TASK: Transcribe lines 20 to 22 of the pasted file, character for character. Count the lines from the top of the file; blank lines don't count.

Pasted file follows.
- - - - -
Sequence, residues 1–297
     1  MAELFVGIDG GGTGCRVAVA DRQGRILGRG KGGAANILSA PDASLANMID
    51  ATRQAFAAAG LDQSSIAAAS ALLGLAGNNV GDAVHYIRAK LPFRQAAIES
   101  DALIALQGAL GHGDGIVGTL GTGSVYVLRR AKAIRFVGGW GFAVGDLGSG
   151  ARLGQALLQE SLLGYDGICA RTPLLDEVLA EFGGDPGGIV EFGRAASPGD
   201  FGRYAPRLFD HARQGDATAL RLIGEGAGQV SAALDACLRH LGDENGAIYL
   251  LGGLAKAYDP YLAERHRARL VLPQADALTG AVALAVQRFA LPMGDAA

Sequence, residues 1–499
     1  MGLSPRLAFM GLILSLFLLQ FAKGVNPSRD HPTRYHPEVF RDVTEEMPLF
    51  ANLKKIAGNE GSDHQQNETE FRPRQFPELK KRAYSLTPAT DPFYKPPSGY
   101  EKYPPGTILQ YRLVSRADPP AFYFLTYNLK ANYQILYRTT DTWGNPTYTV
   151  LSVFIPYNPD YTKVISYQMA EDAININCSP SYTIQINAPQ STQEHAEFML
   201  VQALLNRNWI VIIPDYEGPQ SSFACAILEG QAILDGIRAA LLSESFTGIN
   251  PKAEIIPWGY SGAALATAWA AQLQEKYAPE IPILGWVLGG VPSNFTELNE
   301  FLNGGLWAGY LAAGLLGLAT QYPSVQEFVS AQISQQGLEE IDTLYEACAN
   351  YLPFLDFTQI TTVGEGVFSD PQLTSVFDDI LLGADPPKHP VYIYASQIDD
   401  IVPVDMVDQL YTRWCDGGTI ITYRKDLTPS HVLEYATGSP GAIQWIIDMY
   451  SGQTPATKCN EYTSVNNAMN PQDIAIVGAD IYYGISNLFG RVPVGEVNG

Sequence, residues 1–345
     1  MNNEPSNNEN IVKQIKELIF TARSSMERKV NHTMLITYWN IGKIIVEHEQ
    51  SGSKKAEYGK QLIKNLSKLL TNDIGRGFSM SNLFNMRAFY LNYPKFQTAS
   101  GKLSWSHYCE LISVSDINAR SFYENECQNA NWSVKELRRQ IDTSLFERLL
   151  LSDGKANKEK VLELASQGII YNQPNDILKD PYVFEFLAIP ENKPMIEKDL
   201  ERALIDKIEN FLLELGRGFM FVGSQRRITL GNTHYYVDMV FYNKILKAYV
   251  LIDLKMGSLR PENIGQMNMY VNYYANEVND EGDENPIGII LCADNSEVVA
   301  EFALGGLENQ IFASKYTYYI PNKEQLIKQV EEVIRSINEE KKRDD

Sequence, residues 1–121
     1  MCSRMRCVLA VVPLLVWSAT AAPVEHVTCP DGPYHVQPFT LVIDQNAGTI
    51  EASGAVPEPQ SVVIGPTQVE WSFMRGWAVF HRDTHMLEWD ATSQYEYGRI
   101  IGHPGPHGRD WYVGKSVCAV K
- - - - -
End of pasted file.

     1  MNNEPSNNEN IVKQIKELIF TARSSMERKV NHTMLITYWN IGKIIVEHEQ
    51  SGSKKAEYGK QLIKNLSKLL TNDIGRGFSM SNLFNMRAFY LNYPKFQTAS
   101  GKLSWSHYCE LISVSDINAR SFYENECQNA NWSVKELRRQ IDTSLFERLL